Happy May everyone! It’s finally starting to feel like spring! Considering it’s the start of May, I thought I would post about No Mow May and the insects that benefit from it! No Mow May is exactly how it sounds. Homeowners are urged to not mow their lawns for all of May. Why? Mowing your lawn less creates a habitat more suitable for important pollinators like bees. So in the spirit of No Mow May starting, I thought I would highlight some of the insects that would benefit most from this increase in habitat that we are seeing throughout the Driftless Area!
First, I will introduce what insects are and what distinguishes them. Insects are invertebrates which means that they do not have a vertebral column like we humans do. They are characterized as having a chitinous exoskeleton, a three-part body that includes a head, thorax and abdomen, three pairs of jointed legs, compound eyes, and a pair of antennae. Fun fact: it is estimated that insects represent more than half of all known living organisms!
In Emma’s blog, she talked about the Common Eastern Bumblebee which is a marvelous pollinator!
In the Driftless Area alone, the Common Eastern Bumblebee (Bombus impatiens) was observed 363 times! In La Crosse County it was observed 160 times. This species is considered to be one of the most important pollinator bees in North America. These bumblebees make their nests 1-3 feet underground and enter them using tunnels that are sometimes up to nine feet long! Common Eastern Bumblebees are usually used as pollinators for tomatoes, blueberries, raspberries, and pumpkins.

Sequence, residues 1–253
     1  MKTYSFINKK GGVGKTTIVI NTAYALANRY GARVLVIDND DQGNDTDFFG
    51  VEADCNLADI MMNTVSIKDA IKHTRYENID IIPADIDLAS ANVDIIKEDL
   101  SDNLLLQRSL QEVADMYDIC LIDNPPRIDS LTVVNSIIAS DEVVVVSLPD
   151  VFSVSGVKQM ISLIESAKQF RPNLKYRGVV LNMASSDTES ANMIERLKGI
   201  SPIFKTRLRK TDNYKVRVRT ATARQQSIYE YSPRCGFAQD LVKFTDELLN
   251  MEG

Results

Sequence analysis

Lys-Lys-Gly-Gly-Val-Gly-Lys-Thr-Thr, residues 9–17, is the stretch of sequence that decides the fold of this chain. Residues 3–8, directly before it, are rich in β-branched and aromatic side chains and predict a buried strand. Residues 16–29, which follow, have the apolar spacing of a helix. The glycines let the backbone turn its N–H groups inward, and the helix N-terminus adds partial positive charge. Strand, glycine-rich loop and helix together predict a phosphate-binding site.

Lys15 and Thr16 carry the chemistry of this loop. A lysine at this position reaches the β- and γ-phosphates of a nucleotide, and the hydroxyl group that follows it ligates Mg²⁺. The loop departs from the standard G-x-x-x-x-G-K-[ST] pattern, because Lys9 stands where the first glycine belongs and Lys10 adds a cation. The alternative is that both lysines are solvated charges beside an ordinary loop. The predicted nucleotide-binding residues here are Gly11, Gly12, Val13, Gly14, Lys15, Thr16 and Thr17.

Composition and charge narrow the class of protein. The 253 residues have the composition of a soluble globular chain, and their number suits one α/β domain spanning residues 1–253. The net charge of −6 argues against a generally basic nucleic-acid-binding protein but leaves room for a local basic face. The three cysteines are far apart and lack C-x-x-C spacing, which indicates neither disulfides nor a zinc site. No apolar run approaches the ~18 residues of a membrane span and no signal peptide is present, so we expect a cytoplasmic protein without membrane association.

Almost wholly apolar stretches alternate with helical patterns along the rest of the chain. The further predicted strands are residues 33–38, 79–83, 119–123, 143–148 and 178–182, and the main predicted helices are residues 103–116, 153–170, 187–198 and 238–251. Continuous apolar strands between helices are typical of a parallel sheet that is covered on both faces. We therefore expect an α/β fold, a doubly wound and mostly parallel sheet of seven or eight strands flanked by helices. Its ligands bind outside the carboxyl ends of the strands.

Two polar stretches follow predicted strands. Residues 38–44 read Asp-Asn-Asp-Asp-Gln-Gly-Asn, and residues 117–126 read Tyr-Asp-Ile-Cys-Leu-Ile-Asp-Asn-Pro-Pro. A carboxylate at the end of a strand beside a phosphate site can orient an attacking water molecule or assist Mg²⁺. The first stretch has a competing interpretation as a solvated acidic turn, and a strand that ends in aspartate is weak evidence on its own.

Another important pollinator that would benefit from No Mow May is the Monarch Butterfly (Danaus plexippus).
In the Driftless Area, there were 283 observations made of this butterfly! In La Crosse County, there were 51 observations made. Monarchs are a migratory species that migrate twice a year. The population that we see in the Midwest migrates in the fall down to Mexico and then returns in the spring. They primarily feed on milkweed species but are not considered to be just milkweed pollinators. Monarchs also pollinate many wildflowers. These butterflies are considered to be an endangered species mainly due to climate change. An increase in extreme weather events is causing massive mortality events for this species. Also, since we are seeing much warmer falls than previously, their migration is starting later in the season than it should which is also causing death in populations.
Now that I have introduced some pollinator species that would benefit the most from No Mow May, next week I will dive into the different plant species that help these pollinators!
Here’s another reminder to join our Nature Challenge on iNaturalist! The person who makes the most observations or identifies the most species will win a $50 prize! Second place winners get a $25 prize. The challenge ends on September 30, 2022, so be sure to sign up soon! See you next week!